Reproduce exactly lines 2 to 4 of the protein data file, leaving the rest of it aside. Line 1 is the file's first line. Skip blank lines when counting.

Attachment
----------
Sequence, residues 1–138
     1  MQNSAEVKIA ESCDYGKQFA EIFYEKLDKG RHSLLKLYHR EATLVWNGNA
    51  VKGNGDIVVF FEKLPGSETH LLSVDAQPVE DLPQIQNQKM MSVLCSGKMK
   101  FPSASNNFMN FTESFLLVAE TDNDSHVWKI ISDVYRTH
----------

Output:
     1  MQNSAEVKIA ESCDYGKQFA EIFYEKLDKG RHSLLKLYHR EATLVWNGNA
    51  VKGNGDIVVF FEKLPGSETH LLSVDAQPVE DLPQIQNQKM MSVLCSGKMK
   101  FPSASNNFMN FTESFLLVAE TDNDSHVWKI ISDVYRTH